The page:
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Danse Macabre Paperback – November 9, 2016
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This story follows a ten year old girl named Blue, who is given a mission by a creature who claims to be an angel to save her mother and sister’s souls. She has to kill ten sinners. Our chapters count down from ten to one as the story progresses.
This story has some fantastic prose, and the world it describes so well is a gloomy one. This story isn’t scary, exactly, though it is quite dark. The character we know as Him is quite disturbing at times. Again, creepy. You’re starting to see here why I’ve never written a review of this little novelette despite liking it quite a lot. I have a hard time putting words to my thoughts about it. I’m trying to do more than ‘it’s creepy and amazing so you should give it a read’ but it is both of those things.
Now, this is a fantastic audiobook. You can read it in an hour, and the audiobook is about 2. I recommend it in audio for a couple of reasons. First of all, the narrator, Nigel Peever does no less than perform the hell out of this story. There is so much emotion where there should be, the voice he gives to Him is just perfect, and his performance brought the prose to life in my head. Best of all, there are special effects and bits of music peppered in here that add a whole extra level of awesome. It made something already great even more great. I think that of a lot of audiobooks, but this one might be my new prime example.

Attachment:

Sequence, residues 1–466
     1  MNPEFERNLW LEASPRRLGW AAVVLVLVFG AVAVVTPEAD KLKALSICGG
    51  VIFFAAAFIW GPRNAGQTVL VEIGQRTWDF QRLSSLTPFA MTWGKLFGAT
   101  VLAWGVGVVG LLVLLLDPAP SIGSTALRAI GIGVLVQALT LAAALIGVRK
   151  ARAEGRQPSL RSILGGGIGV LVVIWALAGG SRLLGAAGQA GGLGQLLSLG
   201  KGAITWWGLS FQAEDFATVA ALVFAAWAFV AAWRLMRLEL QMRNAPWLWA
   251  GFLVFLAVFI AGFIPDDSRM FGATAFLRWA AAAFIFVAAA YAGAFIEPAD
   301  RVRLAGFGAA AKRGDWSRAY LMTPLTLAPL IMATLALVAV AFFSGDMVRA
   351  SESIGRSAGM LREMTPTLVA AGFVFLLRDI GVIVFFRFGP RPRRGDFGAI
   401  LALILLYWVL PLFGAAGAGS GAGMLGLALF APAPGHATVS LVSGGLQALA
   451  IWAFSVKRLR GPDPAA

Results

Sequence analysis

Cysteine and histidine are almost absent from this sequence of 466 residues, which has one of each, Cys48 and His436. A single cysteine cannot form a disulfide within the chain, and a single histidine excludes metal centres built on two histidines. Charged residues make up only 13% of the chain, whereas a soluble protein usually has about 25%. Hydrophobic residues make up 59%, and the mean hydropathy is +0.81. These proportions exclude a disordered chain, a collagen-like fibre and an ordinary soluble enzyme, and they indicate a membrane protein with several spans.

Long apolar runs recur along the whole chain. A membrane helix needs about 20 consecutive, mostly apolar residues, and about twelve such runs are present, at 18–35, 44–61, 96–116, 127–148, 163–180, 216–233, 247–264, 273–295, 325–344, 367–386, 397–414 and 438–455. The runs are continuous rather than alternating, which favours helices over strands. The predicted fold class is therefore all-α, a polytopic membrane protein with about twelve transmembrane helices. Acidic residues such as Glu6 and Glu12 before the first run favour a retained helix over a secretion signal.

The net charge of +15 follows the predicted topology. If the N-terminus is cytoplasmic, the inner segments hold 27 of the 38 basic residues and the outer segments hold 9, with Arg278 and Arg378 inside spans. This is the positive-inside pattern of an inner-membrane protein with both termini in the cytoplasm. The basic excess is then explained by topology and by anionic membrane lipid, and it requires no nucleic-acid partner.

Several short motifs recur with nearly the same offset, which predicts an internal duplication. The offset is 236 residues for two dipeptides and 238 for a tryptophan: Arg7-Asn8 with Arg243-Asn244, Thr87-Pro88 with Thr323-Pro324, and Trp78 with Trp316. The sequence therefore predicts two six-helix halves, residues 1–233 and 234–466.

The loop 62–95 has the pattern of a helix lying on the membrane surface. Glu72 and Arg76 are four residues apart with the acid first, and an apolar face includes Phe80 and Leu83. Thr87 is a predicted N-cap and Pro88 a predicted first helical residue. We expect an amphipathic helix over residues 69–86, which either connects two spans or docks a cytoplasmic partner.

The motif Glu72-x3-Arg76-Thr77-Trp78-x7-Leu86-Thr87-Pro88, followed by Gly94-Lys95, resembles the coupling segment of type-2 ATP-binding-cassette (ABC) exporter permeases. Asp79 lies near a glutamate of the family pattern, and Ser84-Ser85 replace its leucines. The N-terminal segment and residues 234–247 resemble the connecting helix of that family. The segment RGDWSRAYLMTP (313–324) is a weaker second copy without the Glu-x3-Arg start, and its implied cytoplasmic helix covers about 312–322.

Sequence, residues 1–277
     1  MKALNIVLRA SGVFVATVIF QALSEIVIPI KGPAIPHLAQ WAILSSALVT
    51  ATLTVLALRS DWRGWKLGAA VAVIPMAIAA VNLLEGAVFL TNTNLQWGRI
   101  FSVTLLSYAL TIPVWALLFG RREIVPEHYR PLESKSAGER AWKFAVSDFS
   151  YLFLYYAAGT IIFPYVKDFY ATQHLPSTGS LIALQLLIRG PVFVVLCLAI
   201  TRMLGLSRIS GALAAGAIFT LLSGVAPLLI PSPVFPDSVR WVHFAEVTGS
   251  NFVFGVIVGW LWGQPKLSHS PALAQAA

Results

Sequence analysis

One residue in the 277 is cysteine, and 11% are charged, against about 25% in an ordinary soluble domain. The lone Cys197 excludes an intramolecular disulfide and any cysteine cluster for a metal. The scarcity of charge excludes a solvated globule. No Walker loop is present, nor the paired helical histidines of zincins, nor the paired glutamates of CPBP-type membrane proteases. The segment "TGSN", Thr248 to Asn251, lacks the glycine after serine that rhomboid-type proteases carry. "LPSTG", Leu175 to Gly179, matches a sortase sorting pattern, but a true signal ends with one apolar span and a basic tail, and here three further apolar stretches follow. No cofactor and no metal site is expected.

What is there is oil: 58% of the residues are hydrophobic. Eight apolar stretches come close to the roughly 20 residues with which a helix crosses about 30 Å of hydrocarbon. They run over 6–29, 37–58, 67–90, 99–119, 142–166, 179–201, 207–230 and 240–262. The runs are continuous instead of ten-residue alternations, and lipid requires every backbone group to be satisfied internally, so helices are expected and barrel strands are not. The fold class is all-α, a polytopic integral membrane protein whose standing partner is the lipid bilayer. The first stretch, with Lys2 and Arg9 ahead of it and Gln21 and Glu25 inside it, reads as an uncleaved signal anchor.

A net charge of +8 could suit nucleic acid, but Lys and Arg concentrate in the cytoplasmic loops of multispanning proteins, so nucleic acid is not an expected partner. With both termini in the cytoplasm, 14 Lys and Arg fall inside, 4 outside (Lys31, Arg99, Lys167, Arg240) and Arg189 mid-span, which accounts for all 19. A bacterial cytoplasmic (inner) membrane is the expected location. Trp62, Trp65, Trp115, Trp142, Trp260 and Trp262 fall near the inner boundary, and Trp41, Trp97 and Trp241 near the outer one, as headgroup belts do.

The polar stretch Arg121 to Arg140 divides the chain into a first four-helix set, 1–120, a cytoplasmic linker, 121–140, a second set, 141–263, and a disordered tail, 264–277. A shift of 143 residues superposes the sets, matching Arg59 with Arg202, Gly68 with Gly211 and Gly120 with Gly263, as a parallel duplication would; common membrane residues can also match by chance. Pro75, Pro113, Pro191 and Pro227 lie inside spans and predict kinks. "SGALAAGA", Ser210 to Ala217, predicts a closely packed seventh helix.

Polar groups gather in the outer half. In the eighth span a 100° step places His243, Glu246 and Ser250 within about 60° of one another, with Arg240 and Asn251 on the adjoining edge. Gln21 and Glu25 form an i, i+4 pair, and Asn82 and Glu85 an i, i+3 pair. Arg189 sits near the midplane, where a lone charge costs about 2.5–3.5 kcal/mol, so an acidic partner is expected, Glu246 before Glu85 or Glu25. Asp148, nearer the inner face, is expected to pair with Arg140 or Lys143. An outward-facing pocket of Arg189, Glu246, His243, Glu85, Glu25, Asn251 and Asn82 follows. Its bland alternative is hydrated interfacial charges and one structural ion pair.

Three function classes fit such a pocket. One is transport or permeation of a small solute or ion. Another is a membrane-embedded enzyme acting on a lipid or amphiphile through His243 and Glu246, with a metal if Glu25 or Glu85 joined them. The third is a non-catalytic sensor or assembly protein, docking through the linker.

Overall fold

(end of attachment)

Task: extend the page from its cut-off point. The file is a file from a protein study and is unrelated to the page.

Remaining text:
“Blue never liked words much. She had met many people who had used words to trick, to hurt. To lie. But this one was different. This one didn’t just give her words. He gave her numbers too. And though Blue had never been skilled with either words or numbers, numbers had always seemed more honest to her. Numbers couldn’t lie.”
What unfolds is a dark and haunting novella that will have you examining what is truly evil. When does the line between faith and reality become blurred? Do the means justify the ends? Blue is tasked with meeting some very difficult demands that will result in an ultimate battle between her own conscience and her very heart.
The writing is superbly rich and elegant. The pace is smooth and consistent while the author cleverly inserts a small amount of symbolism seen in the form of a tiny snail and a dark crow that adequately play on the fact that this is the struggle of a child. The events that unfold are heinous and cruel. The constant reminder that Blue is still so young makes this story even more effective. It challenges our own perception of right and wrong in the most distressing yet beautiful manners. In just a mere 60 pages, Hughes has managed to provide a grisly yet thought provoking tale that continues to resonate long after the final page.
⭐ ⭐ ⭐ ⭐